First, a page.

Oslo Opera House is probably one of the most symbolic buildings of the Norwegian capital. Emerging like an iceberg from water it epitomizes the Nordic spirit.
I had an incredible opportunity to discover this building inside out, see the ballet preformance and even peek to the back stage while running the glove making workshop during the Prøverommet training event.
Covered with marble and white granite, the building was opened to the public in 2007 and has won numerous awards for its architecture.
It is possible to walk up to the roof via the slant, to enjoy the panoramic views of the city.
The glass walls create a mesmerising effect of light play in the hallway, while the interior design is contrasted with the waving natural oak panelling, bringing out the variance in textures.
Behind the building, floating in the fjord is a glass and steel sculpture “She Lies”, constructed by Monica Bonivicini. The installation responds to the moving water and changes its appearance constantly depending on tides.
Currently the neighbourhood of the Opera house is undergoing a transformation with extended construction – just behind the Opera house the museum of the most famous Norwegian painter Edward Munch is being built, planning to open in 2020. Along with the new city library, currently also in construction, it is aiming to turn the area into a new cultural hub.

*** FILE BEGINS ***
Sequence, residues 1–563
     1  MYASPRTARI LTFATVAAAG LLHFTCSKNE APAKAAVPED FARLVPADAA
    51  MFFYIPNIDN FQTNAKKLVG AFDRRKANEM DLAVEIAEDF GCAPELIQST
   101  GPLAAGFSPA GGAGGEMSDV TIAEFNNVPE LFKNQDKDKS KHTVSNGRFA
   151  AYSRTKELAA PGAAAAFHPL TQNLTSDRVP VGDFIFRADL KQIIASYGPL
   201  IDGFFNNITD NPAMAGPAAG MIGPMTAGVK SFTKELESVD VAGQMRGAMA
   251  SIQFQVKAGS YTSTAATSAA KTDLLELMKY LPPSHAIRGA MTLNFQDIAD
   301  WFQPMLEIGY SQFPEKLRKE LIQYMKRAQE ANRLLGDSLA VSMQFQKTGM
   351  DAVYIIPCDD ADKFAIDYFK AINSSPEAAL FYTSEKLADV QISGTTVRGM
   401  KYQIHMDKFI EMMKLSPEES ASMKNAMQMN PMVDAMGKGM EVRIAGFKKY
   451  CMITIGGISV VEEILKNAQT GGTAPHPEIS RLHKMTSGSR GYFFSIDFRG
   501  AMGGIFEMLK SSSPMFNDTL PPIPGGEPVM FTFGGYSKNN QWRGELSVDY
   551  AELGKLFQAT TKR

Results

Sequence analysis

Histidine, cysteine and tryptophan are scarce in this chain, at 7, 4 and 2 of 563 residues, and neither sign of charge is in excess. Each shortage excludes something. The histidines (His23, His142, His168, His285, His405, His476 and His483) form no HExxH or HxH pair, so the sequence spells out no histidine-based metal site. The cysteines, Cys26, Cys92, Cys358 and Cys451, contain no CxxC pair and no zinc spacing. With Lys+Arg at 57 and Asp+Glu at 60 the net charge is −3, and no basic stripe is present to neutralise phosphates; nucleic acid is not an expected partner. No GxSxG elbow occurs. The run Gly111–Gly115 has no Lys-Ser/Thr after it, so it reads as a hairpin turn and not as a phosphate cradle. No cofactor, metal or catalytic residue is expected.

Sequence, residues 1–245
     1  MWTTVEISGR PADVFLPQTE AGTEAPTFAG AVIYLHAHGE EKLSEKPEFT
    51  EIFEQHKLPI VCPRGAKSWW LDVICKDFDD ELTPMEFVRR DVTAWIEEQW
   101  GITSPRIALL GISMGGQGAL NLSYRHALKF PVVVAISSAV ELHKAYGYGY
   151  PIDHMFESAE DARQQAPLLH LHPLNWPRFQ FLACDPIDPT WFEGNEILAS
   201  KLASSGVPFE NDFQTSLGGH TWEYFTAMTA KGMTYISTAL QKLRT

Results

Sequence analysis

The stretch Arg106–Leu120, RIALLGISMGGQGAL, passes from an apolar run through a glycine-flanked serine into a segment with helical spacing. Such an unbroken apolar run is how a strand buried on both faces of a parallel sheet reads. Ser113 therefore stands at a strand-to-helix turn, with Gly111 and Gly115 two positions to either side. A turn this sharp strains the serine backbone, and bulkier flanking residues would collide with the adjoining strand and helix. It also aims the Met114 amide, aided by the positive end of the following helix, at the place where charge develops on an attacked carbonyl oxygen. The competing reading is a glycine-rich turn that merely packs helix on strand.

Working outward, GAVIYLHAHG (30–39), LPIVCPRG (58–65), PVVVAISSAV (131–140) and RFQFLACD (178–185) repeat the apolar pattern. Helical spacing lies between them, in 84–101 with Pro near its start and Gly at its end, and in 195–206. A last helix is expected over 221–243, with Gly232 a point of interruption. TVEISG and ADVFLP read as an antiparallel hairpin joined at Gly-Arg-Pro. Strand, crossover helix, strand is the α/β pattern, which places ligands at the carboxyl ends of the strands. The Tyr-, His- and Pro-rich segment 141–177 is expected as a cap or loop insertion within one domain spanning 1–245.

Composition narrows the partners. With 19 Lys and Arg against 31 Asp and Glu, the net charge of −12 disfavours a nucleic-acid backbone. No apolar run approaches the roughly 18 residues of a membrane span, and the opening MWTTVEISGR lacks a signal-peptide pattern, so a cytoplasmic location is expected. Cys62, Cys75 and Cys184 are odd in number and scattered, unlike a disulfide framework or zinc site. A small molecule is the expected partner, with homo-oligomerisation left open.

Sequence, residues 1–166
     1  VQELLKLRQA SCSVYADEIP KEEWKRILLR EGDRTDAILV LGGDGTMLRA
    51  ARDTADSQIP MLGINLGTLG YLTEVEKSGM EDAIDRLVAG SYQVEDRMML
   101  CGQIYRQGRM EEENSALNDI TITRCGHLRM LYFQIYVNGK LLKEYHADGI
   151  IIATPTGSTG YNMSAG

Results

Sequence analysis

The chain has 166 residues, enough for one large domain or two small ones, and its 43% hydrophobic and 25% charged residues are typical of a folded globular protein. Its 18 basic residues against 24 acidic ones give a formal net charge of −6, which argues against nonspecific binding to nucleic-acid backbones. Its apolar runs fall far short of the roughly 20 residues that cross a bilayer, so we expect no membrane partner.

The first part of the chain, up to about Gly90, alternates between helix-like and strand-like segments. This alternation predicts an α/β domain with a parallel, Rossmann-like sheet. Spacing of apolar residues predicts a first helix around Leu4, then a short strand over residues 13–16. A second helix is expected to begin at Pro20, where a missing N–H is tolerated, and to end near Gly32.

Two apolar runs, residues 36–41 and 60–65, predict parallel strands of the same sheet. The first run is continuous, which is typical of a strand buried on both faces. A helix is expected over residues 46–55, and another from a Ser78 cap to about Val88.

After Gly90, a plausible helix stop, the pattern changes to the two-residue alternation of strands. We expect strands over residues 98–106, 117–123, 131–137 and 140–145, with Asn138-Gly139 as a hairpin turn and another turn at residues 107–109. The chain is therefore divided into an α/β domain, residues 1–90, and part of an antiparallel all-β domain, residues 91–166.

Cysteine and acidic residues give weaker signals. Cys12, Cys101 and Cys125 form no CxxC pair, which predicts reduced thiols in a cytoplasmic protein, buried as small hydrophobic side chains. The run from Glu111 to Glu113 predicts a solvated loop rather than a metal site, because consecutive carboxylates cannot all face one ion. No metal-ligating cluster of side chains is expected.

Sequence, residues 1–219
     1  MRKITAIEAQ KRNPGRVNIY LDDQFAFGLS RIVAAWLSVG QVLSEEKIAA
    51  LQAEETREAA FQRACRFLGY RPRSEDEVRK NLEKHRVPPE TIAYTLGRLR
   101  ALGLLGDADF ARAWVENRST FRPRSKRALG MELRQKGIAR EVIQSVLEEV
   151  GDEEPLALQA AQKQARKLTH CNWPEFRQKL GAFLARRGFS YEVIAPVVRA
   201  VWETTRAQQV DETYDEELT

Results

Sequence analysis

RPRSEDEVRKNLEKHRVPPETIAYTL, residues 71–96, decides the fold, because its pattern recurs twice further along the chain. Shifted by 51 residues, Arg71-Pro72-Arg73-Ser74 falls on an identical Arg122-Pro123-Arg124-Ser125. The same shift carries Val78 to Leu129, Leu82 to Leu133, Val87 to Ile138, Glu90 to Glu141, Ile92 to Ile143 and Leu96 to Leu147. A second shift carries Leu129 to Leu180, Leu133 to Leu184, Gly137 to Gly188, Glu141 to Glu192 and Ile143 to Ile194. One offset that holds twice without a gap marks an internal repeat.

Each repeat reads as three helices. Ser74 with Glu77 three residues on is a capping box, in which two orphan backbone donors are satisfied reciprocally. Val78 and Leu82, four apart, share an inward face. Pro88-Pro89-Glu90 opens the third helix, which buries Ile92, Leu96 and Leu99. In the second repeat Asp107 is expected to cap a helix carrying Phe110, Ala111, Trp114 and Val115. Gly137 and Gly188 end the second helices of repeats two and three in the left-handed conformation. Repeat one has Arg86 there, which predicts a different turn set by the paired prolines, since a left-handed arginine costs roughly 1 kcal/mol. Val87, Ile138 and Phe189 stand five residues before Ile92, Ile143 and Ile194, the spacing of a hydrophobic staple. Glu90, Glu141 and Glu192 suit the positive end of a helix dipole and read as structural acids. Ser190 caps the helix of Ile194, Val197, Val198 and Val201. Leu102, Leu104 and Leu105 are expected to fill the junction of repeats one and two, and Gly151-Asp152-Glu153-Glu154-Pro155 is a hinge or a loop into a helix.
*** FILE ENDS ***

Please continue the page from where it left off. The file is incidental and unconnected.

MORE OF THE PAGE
The future of the area looks promising!
The legend has it that after the big town fire in 1624, the Danish-Norwegian King Christian IV decided to rebuild the town in this area and name it after himself. He supposedly pointed to this spot and said: “The new town will lie here!”. Now there is a fountain in the shape of a gloved hand pointing to the ground making the spot.
Christian IV was the king of Denmark-Norway 1588-1648. He is remembered as one of the most remarkable Danish kings, having initiated many reforms and projects.
The sculpture, titled “Chritian IV’s Glove” is just known as “Hanske”, meaning “The Glove”, among locals. Situated in the middle of Christiania Torv square (also known as “The Glove square”) it was designed in the mid-1990s by the Norwegian artist Wenche Gulbransen.
The allegorical statue was one of the first sights for me to visit in Oslo and rightfully so, as I was running the glove making workshop in Oslo during the following days.
Historically a glove has also played a significant role as a symbol of power. King´s glove was a symbol of rule like a seal. One could sell, make coins and take taxes with the possession of a king´s glove. In the Medieval times, the king´s glove hanged high above the market place symbolised the right to trade. At the end of the day, the glove would be taken down. Later the glove got replaced by the wooden shape of a hand.
So in a way, it is quite symbolic that a gloved hand is placed in the middle of the market square.
My latest contribution to 7 Star Life Magazine:
If you find yourself in the Norwegian capital of Oslo hungry hankering for a spot of fine dining and romance, head over to Klosteret restaurant – a short hop, skip and gallop away from the trendy Grünerløkka district…
A taste of romance in Oslo – 7SL